TV Quickfire: Joanna Lumley on new travelogue Joanna Lumley's Hidden Caribbean: Havana To Haiti

Joanna Lumley is back with her latest travelogue Hidden Caribbean: Havana To Haiti. We found out more about the new ITV show from the veteran actor

Joanna Lumley in Havana, Cuba
Gemma Dunn


I'D BEEN to Jamaica to make a film about Ian Fleming [but] I don't know what I expected from Cuba. I've met lots of people who've been there, mostly to Havana, and they all said, 'Oh, the old-fashioned cars. Hurry, because it's going to change, and you'll lose that beauty of old Havana.' Well, I don't think that Cuba is moving fast enough for old Havana to change for a long time. They might put up a couple of new hotels but all the old splendour of the streets, and the beauty, it's a stunning city. I loved the idea of going somewhere that, for one reason or another, people don't go to as a matter of course.

Lots of people go to the Caribbean, but the revolution took the huge island of Cuba out of the running. Obama went there, when he was in power, and they were too thrilled almost to speak. He said they were going to open it up, and cruise ships were going to go there again from Florida. He said the USA would trade with them again. But Obama's term of office came to an end, Trump got in and shut everything again. Cuba is popular, but I think we went off the beaten track; and very few tourists have been to Haiti as it is still on the Foreign Office list as a country unwise to visit.


In Cuba everybody's poor. They have a brilliant education system; everyone is literate and educated. They train more doctors and dentists than almost anywhere in the world and lease them out, as it were, to African countries. But the average pay is $25 a month. Even doctors are only earning $45. Therefore, everyone has roughly the same income, which sounds Utopian – no envy, no class system, no snobbery – but the downside is that anybody who's got an idea, like an entrepreneur, can't get ahead with it. Everything is kept flat.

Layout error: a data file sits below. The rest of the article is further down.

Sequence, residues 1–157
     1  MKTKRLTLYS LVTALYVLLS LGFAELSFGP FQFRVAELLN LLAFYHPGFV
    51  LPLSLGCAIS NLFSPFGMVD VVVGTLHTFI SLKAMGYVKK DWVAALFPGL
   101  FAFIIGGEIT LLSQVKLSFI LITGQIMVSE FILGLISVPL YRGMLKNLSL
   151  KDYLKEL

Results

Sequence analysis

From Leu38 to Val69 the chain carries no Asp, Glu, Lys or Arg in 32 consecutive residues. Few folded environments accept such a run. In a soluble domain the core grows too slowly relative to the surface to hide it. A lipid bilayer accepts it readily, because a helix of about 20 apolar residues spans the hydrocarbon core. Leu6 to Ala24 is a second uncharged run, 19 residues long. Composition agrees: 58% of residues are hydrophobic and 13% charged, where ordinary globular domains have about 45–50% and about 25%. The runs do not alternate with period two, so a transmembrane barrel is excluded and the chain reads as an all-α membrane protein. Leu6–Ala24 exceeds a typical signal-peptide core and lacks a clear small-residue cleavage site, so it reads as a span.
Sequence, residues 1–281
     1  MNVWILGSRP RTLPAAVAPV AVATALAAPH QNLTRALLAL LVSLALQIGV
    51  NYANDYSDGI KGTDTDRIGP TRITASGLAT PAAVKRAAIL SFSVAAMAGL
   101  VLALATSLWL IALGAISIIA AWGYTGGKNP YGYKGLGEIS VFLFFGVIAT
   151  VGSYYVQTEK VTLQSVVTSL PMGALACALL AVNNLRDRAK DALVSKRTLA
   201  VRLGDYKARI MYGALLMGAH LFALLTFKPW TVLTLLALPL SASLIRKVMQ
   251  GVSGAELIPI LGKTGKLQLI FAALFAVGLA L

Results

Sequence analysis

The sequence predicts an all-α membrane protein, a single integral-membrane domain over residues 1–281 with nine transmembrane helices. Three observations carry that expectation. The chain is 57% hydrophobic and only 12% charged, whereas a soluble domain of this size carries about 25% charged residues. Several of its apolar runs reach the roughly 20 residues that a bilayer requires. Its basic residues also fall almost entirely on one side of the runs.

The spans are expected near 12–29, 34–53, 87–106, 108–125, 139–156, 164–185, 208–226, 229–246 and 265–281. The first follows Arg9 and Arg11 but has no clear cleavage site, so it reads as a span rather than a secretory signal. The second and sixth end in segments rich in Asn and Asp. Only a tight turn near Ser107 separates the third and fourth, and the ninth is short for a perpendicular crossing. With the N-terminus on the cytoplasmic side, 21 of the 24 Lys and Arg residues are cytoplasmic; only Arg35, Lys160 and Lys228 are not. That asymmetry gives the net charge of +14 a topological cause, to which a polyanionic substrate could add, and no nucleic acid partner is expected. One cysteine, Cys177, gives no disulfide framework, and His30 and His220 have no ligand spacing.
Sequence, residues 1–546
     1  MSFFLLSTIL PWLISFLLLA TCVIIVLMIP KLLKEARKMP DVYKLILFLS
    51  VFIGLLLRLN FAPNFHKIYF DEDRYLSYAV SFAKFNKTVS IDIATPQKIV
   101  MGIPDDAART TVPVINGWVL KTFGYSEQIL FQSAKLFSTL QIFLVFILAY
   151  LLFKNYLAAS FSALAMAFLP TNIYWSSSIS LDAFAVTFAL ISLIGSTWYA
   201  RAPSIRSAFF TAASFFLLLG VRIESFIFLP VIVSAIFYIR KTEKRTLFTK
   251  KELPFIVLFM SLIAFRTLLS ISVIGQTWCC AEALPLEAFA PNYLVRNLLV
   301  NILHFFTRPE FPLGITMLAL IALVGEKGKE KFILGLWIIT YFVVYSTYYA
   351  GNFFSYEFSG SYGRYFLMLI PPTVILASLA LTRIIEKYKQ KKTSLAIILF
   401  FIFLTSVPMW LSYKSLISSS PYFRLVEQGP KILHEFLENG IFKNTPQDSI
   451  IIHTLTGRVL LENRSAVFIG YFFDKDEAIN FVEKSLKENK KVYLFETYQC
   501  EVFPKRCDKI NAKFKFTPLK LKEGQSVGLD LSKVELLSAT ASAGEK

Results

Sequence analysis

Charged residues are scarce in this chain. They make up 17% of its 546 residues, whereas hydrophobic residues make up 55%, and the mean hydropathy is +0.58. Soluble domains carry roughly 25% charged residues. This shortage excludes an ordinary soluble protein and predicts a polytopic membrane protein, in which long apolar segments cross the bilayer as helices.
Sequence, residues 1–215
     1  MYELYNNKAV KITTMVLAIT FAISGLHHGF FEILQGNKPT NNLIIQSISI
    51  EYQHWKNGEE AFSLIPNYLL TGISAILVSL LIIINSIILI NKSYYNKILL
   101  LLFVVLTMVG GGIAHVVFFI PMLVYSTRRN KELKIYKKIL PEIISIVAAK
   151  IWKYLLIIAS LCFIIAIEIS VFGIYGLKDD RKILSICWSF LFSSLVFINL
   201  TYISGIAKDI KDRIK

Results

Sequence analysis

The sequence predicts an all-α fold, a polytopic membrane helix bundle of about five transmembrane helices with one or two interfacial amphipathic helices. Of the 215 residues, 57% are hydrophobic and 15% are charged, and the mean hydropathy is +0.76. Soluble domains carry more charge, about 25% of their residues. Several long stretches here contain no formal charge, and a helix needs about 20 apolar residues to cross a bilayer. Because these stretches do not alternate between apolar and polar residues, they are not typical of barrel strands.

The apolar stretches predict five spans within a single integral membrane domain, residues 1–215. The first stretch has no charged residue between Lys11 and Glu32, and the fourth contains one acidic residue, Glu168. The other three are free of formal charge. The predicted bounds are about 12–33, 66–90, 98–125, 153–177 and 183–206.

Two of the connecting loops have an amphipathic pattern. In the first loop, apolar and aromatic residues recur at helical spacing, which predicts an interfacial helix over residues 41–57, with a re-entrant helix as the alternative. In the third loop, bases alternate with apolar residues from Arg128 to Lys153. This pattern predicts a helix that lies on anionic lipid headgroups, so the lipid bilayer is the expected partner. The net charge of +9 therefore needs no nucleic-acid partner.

It's as safe as houses. You can walk out on your own in the middle of Havana, or any of the cities in Cuba, and nobody would ever touch you. Immensely courteous, sweet, kind, honest people. But they are stuck in a time bubble of 1959. In all the villages, throughout the countryside, travel is by horse and cart, or bicycle: they can't afford the petrol. But it's an astonishing place and I would say, "do go there".


What was out of my comfort zone was the heat. I wish you could feel the heat on television. I wish you could have a heat button. It was baking. I've been in hot places before, but it was just so humid. It was unbelievably, drainingly hot. In the place where they built the luxury resort, you're in the middle of the Gulf of Mexico, the sea between Cuba and Florida, and the heat made us want to cry. You couldn't think how to get cool.


I loved Santiago de Cuba, which is where the revolution started, where Fidel came from the hills with this idea of overthrowing the top-heavy, over-rich government. Because most of Cuba was settled by the Spanish, it was built in a Spanish way around squares. Every square had a cathedral, a grand hotel, maybe something like a huge library, possibly a university. It's terribly grand.

:: Joanna Lumley's Hidden Caribbean: Havana To Haiti starts on ITV on Tuesday March 10

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